Waiheke Background

Historical Waiheke Background

The name Waiheke means ‘cascading waters’, but it was actually given to the island by mistake. The original Maori name of the island was ‘Te Motu Arai Roa’, or ‘long sheltering island’. It first came to be called Waiheke when a group of European surveyors were travelling around the Hauraki Gulf recording names on their maps. They landed on a local beach and asked the nearby Maori fishermen what the name of this place was. The Maori told them “Waiheke”, which was the name of the stream they were standing beside. The surveyors then recorded that the island was called Waiheke and it has been recorded on all European maps since then.

Waiheke has been home to various Maori iwi (tribes) for about a thousand years, and there are remnants of more than 40 pa sites on the island. A pa is a fortified Maori village, usually on a hilltop with good views of approaching people. When Captain Cook anchored the Endeavour off the eastern end of the island in 1769, the island belonged to the Ngati Paoa iwi.  During the 1820’s, the famous Maori chief, Hongi Heke, killed most of the inhabitants in a big battle at Onetangi beach. Unsurprisingly, Onetangi means “weeping sands” and the name Weeping Sands is now the brand name of one of Waiheke’s great wines.

Waiheke settlement by Europeans began in the mid 1800’s, with the clearing of timber. The felled timber, mostly kauri, was shipped to Auckland for housing and furniture for the new settlements there. Some of it was also used for building on Waiheke, and for construction and repair of ships. As the land was cleared, it was planted with grass and used for sheep and cattle farming.

The eastern end of the island has network of tunnels known as Stony Batter built as part of a system to defend New Zealand from naval attack. They were started in 1941 and finished in 1944, with a total length of tunnel of about half a mile. There are two gun emplacements, now empty, but the two guns were each mounted on a carriage on a concrete pedestal, each installation having a total weight of 135 tons. They had a range of 30 miles when test fired, but were never actually used against an enemy.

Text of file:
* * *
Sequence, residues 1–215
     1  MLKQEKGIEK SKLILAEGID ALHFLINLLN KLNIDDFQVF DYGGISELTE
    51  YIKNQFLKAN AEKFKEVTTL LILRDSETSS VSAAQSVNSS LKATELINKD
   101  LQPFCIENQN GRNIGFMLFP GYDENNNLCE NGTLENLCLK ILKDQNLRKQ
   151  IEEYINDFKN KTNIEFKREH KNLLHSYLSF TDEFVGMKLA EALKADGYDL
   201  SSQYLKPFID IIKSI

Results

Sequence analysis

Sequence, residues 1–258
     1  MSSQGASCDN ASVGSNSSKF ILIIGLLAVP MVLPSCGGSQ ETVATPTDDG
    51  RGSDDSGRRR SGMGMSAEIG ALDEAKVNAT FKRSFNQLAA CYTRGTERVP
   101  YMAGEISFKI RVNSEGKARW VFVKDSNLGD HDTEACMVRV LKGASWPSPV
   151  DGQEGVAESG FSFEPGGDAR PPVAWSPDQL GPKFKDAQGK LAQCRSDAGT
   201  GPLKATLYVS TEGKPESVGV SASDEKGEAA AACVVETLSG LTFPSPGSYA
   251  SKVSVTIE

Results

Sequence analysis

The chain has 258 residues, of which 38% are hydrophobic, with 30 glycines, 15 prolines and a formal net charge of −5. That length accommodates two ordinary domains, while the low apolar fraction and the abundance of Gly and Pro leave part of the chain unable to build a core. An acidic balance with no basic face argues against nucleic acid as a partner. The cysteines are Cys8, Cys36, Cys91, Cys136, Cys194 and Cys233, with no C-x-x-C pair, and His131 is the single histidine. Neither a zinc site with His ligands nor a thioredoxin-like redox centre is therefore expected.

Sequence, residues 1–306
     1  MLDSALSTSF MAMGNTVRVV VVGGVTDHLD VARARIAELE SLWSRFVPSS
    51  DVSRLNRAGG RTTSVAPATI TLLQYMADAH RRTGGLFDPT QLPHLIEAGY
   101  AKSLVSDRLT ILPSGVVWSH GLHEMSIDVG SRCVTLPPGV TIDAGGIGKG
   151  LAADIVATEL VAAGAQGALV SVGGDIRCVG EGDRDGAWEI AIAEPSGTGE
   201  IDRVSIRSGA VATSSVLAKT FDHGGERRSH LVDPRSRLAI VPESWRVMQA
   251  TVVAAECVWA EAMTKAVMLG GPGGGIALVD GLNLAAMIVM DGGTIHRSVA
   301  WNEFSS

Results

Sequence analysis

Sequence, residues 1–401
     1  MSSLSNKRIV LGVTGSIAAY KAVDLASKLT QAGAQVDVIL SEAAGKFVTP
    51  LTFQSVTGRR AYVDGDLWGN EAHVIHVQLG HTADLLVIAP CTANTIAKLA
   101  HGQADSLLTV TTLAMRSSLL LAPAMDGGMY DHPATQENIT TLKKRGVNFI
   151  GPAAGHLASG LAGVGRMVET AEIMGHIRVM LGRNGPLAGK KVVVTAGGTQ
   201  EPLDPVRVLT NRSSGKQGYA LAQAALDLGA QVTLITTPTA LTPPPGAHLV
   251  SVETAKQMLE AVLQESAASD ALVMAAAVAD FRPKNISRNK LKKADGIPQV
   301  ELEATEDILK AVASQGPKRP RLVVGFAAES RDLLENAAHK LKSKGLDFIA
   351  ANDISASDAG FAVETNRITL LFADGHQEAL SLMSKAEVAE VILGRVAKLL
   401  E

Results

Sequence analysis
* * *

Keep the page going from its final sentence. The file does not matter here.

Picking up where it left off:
Modern day Waiheke

Waiheke currently has a permanent population of around 8000 people, making it New Zealand’s third most populated island after the North and South islands. With the large number of “baches” (holiday homes), its population swells to over 30,000 in summer and long festival weekends such as Easter.

The island is 19 km long, with a coastline of 133 km, including 40km of beautiful beaches. It is very hilly with few flat areas, with the highest point being Maunganui at 231 metres.

Waiheke is generally warmer than Auckland, by between 2 and 4 degrees on average. It has a climate similar to the Mediterranean which makes it ideal for grape and olive growing.

Modern day Waiheke Island is a picturesque blend of farmland, forest, beaches, vineyards and olive groves. Activities include sightseeing, mountain biking, sea kayaking, beachcombing, or simply eating/drinking your way around the numerous cafes/restaurants and award-winning wineries.

We’ve listed a few of our key things to do/places to go in this booklet. However, if you’d like to get more detail on what there is to do on Waiheke, this is a good website: http://waiheke.aucklandnz.com/index.html

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